I once asked the late Buddhist master Traleg Kyabgon Rinpoche about the pervasiveness of nihilism, even among Buddhists:
Question: The two major pitfalls of the student or practitioner are eternalism and nihilism. I think there is, if not a consensus, a widely held view that there is a lot of experience of nihilism in the West. This manifests as a diminished sense of this of co-participatory relationship with the world at large, and of the unseen world. What are your thoughts on this?
Traleg Rinpoche: I think so. I agree with you there completely and wholeheartedly. And it is a big problem and I think what has happened there is that people have embraced the western secular view of the world so totally that they have incorporated only certain aspects of Buddhism into their lives, and the other aspects of Buddhism that do not fit with that world view they have sort of ignored that completely, at their own peril. People can relate to Buddhist philosophy of shamatha and vipashyana and emptiness and even bodhichitta, I suppose, but anything to do with the other side of Buddhism – which even people like Nagarjuna and Shantideva were very strong on – deities, and trying to make some connection with invisible beings – if we don’t see them then they don’t exist and if we live in the modern world they are not real.
Eternalism is also pervasive in modern life. This takes the form and the perennial belief that we will not die, the subtle sense that we have an unlimited future. This internalized belief causes us to put any kind of discipline into the future, that we will finally begin meditation in earnest when we retire, or when we’ve built a beautiful shrine room in our back yard. In terms of artistic discipline, Charles Bukowski nailed this in a poem written to a woman who will begin creating as soon as she moves into her new-found studio with lots of “space and light”:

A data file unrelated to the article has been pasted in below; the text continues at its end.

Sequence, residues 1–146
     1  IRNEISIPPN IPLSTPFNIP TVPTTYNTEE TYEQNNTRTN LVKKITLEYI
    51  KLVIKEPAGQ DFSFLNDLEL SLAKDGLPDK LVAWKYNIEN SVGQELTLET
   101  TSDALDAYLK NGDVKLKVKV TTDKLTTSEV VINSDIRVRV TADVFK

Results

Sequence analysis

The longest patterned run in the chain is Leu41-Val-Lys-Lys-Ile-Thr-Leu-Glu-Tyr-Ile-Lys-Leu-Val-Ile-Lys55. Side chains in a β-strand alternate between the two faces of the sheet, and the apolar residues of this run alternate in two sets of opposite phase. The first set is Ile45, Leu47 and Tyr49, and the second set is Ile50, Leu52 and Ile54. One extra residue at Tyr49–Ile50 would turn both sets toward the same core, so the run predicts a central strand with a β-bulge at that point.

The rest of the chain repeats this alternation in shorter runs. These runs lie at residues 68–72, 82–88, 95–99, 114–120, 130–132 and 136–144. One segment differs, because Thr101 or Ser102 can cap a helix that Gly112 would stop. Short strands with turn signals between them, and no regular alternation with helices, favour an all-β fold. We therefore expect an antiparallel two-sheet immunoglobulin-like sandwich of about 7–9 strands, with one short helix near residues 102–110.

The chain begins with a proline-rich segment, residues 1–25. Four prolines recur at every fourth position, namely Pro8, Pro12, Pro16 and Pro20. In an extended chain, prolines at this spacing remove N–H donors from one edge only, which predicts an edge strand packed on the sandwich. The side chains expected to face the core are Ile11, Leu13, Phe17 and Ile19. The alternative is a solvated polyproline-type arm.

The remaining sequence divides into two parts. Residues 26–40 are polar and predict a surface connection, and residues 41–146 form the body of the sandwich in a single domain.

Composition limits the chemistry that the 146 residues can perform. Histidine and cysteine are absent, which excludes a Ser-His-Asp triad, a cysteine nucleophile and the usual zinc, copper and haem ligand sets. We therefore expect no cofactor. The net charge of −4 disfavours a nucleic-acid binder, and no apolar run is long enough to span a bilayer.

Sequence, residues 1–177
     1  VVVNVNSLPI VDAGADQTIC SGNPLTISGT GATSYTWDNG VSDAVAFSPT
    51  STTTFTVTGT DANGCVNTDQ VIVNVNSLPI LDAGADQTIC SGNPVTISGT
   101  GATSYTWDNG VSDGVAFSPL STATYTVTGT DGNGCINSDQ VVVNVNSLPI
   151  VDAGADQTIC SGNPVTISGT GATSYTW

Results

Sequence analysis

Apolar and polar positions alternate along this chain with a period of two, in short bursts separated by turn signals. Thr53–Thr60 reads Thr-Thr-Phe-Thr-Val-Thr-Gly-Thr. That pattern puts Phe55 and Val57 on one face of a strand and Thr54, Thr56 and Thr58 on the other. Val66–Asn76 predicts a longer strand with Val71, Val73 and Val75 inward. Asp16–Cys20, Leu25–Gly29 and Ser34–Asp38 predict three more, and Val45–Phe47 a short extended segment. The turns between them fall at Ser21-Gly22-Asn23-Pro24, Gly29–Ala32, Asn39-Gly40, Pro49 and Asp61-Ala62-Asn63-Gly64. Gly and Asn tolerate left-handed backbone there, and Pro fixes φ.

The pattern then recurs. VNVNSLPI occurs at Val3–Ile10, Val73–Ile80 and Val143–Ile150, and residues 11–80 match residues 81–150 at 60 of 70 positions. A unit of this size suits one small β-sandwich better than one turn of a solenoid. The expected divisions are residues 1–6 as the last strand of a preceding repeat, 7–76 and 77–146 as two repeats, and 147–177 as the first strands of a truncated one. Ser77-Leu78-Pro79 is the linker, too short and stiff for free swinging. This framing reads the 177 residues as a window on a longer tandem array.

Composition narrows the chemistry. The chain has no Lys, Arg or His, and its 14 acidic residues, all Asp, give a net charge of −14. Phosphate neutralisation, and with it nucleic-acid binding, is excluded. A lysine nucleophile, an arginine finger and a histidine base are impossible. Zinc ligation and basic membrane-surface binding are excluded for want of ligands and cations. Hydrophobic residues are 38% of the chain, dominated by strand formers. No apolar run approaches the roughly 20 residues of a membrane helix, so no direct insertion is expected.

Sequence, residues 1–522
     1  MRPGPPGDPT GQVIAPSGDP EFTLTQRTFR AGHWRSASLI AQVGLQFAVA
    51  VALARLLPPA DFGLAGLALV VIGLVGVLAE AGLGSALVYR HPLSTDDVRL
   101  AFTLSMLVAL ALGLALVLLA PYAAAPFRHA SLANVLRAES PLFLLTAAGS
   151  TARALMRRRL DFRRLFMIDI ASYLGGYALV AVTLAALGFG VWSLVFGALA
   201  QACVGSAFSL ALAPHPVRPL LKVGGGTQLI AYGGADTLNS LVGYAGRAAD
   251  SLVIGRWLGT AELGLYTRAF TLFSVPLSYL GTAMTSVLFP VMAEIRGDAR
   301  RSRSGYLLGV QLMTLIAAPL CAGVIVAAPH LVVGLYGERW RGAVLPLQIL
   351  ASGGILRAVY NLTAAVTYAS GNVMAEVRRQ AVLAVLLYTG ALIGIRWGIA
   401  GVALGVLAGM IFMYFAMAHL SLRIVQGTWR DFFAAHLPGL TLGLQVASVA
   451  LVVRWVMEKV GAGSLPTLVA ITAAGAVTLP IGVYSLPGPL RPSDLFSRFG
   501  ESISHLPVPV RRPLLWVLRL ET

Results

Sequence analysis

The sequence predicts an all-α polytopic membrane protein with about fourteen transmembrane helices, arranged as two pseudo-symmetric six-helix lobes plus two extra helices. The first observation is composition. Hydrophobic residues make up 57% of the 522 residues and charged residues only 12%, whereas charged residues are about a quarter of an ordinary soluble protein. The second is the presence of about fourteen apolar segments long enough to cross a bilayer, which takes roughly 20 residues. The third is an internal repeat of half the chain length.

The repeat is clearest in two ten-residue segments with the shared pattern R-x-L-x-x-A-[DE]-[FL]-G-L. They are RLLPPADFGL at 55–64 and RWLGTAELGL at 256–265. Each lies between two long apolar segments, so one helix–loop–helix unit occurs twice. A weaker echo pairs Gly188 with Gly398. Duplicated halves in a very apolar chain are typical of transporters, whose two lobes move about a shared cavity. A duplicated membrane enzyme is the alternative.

Another highly useful aspect of the middle way are teachings that apply to meditation practice itself. Chogyam Trungpa described it as “not too tight, not too loose.” What this means is easy to understand though not always easy to recognize in one’s own practice, since, like eternalism and nihilism, each of us tends to fall into one of the extremes, making it difficult to see our own practice with fidelity. “Not too tight” means not too much effort, an excess of which brings tension rather than ease, self-consciousness rather than freedom from small self. “Not too loose” means enough exertion to stay awake, to not be constantly drifting into discursive thought, to not become simply dull.
In closing, we might turn to the words of the Buddha himself: “The middle path, O Bhikkus, avoiding the two extremes, has been discovered by the Tathagata – a path which opens the eyes, and bestows understanding, which leads to peace of mind, to higher wisdom, to full enlightenment, to nirvana.”
Bill Scheffel is a writer, creative writing teacher and videographer who has directed Shambhala Training since 1980. Bill was a student of Chögyam Trungpa Rinpoche and taught classes in meditation, creative writing and poetry at Naropa University for thirteen years. Currently, Bill teaches online classes in creative writing and the I Ching. For more on Bill see Vertical Time Yoga.